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Judge Okays Plan for Relocating Animals
Developer to Settle Mortgage Debt On Scotch Plains Zoo
A developer who recently purchased the Scotch Plains Zoo from former owners Harold and Deborah Kafka was expected to pay off the Kafkas mortgage debt today, August 28, thus bringing to a close the saga of the zoo, a favorite attraction for children for more than half a century.
Robert F. Kraus, the Scotch Plains attorney representing original zoo owners Frank and Louise Terry, said last Friday that a lump sum of $355,000 would be paid by Mitchell Berlant, the President of Scotch Plains Realty Investors, Inc., to the Terrys, who continued to hold the mortgage on the property after the Kafkas purchased it more than three years ago.
Mr. Berlant assumed the mortgage obligation after buying the property from the Kafkas for $338,000. A deed recorded on June 26 confirmed the transfer of ownership, and the Warren-based developer agreed to pay off the debt to the Terrys by Monday, September 1.
The future of the 6.5-acre site remains uncertain, however. Although Mr. Berlant has stated he would like to reopen a zoo on the property, speculation persists that he actually intends to develop the land for housing. Calls placed to Mr. Berlants office earlier this week were not returned.
Meanwhile, Superior Court Judge Frederick C. Kentz, Jr. in Elizabeth approved a plan submitted by Union Township attorney Martin B. OConnor, 2nd, on August 20 for the relocation of more than 100 wildlife and farm animals housed at the zoo. In April, Judge Kentz appointed Mr. OConnor as custodian of the zoo, which has been closed to the public since May 28.
Lawrence Herrighty, Supervising Biologist for the state Department of Environmental Protections (DEP) Division of Fish, Game and Wildlife, on Friday revealed the various destinations of the animals. All the facilities were checked out by him and his staff to ensure that they had the proper permits to accept the animals.
Mr. Herrighty said the DEP had served as an advisory body to Mr. OConnor as he prepared a plan for relocating the animals, and added that the department would also provide assistance in transporting them if the receiving facilities requested it.
He acknowledged that the Division of Fish, Game and Wildlife has so far received no permit application from Mr. Berlant to reopen a zoo on the property.
The biologist commended Mr. OConnors efforts, saying he believed the custodian for the zoo "did a good job" in finding new homes for the animals. Of the plan approved by Judge Kentz last week, Mr. Herrighty said, "I think its very fair and in the best interest of the animals."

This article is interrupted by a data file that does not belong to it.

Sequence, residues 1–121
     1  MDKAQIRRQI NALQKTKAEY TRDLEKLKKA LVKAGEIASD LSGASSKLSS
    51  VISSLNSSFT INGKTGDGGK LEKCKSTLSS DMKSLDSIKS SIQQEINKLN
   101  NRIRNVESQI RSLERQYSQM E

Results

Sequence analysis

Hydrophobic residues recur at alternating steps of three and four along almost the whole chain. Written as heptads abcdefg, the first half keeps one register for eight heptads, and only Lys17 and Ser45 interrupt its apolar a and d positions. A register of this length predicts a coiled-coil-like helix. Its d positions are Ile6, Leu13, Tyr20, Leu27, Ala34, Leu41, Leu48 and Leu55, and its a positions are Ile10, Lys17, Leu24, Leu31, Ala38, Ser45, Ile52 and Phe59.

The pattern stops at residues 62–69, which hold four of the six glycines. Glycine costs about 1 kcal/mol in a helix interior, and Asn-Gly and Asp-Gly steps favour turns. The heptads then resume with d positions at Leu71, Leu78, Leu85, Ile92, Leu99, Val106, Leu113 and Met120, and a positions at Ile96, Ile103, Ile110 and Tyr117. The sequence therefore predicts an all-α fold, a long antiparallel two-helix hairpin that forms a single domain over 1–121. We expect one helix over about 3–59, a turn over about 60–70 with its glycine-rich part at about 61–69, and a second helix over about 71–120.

According to Mr. Herrighty, any facility accepting animals from the Scotch Plains Zoo must sign a contract which prohibits them from selling or transferring the animals for five years without prior notification of Mr. OConnor, and also protects the animals from being slaughtered, used for research or otherwise exploited.
"Hes written a very good contract which covers the publics concerns about the animals," commented Mr. Herrighty.
The facilities which are expected to ultimately receive the animals include the Grassmere Nashville Wildlife Park in Tennessee; the Roar Foundation in California; the Grand Island Heritage Zoo in Nebraska; the Natural Bridge Zoo in Virginia; Primarily Primates in San Antonio, Texas, and the Royal Vista Sanctuary in New Hampshire, which is earmarked to become the new home of "Raja," a 4-year-old tiger who has appeared on television.
Other facilities which are expected to open their doors to animals from the Scotch Plains Zoo include the Pocono Snake and Wildlife Farm and the Appalachia Pet Farm, both in Pennsylvania, and Popcorn Park in Forked River, which has agreed to take two mountain lions which were hard to place because many zoos already have them, according to Mr. Herrighty.
He reported that many of the zoos domestic animals, such as sheep, goats, rabbits and ducks, will be going to the Peterson Farm in Plainfield, and that the Buffalo Zoo in New York will get back its spider monkey and debrazza monkey which were on loan to the Scotch Plains Zoo. He added that it was still undecided where two jaguars, three ring-tailed lemurs and another debrazza monkey would be going.
In January, the Division of Fish, Game and Wildlife opted not to renew the Kafkas operating permits, citing multiple violations concerning public safety and animal welfare.
After the Kafkas withdrew their planned appeal of the states ruling on May 13, they were given 15 days to present a plan for relocating the animals. The zoo was ordered closed after the couple failed to meet that deadline.
Mr. Herrighty confirmed that six summonses issued by the state to the Kafkas at the end of May were still in place, and that a new court date was still pending.
Four of the summonses, for possession of non-game and exotic animals without a proper permit, are related to the Endangered Species Act and carry potential fines of between $250 and $5,000. The other two summonses, which fall under Game Regulations, carry possible penalties of between $50 and $250.
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